519<title>Creating the Swap Partition</title> 500<title>Creating the Swap Partition</title>
520<body> 501<body>
521 502
522<p> 503<p>
523We will create a swap partition starting at the third cylinder, with a total 504We will create a swap partition with a total size of 1 GB. Use <c>n</c> to
524size of 1 GB. Use <c>n</c> to create a new partition. 505create a new partition.
525</p> 506</p>
526 507
527<pre caption="Creating the swap partition"> 508<pre caption="Creating the swap partition">
528Command (m for help): <i>n</i> 509Command (m for help): <i>n</i>
529Command action 510Command action
533Partition number (1-4): <i>2</i> 514Partition number (1-4): <i>2</i>
534First cylinder (17-8727, default 17): <i>17</i> 515First cylinder (17-8727, default 17): <i>17</i>
535Last cylinder or +size or +sizeM or +sizeK (17-8727, default 8727): <i>+1000M</i> 516Last cylinder or +size or +sizeM or +sizeK (17-8727, default 8727): <i>+1000M</i>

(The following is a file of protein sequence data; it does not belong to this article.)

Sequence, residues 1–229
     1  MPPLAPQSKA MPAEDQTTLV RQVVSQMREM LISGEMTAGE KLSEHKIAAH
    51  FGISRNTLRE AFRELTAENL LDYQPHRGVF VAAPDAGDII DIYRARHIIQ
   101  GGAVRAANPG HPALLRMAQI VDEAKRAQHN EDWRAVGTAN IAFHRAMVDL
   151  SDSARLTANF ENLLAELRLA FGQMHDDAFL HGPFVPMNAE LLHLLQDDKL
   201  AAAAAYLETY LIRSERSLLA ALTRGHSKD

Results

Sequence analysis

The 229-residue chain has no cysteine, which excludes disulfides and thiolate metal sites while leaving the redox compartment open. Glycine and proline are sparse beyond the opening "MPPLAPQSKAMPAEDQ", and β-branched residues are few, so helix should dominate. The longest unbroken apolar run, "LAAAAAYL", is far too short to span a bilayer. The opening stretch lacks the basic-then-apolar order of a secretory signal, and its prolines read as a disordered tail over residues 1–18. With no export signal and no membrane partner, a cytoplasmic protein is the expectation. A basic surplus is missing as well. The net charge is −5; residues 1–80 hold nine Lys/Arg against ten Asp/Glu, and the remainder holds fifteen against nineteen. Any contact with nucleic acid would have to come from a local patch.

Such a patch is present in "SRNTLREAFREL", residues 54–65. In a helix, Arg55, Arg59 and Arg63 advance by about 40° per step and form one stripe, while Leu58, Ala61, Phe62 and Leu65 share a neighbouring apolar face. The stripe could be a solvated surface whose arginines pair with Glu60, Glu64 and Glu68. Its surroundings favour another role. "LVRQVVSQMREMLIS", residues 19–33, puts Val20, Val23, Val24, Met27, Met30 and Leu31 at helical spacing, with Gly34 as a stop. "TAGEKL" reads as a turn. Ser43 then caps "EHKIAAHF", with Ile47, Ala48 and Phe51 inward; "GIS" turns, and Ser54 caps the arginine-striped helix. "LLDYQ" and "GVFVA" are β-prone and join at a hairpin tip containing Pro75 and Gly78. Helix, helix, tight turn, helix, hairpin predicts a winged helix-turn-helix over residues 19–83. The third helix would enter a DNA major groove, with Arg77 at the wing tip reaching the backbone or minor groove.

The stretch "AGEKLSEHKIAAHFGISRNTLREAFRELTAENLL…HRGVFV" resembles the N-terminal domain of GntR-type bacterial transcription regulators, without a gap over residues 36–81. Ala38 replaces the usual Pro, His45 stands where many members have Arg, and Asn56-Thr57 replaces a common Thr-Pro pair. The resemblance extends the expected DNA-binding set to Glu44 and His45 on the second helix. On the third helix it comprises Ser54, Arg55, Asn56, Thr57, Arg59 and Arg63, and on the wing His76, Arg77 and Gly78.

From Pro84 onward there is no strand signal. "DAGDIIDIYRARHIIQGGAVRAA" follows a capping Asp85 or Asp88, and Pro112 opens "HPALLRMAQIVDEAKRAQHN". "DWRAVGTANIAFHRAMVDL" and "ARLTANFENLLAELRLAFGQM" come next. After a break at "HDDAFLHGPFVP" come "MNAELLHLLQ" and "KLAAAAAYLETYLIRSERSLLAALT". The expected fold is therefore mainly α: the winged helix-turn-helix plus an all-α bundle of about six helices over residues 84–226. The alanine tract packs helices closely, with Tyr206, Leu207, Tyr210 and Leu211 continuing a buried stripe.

536 517
537Command (m for help): <i>t</i> 518Command (m for help): <i>t</i>
538Partition number (1-4): <i>1</i> 519Partition number (1-4): <i>2</i>
539Hex code (type L to list codes): <i>82</i> 520Hex code (type L to list codes): <i>82</i>
540Changed system type of partition 2 to 82 (Linux swap) 521Changed system type of partition 2 to 82 (Linux swap)
541</pre> 522</pre>
542 523
543<p> 524<p>
607<pre caption="Save and exit fdisk"> 588<pre caption="Save and exit fdisk">
608Command (m for help): <i>w</i> 589Command (m for help): <i>w</i>
609</pre> 590</pre>
610 591
611<p> 592<p>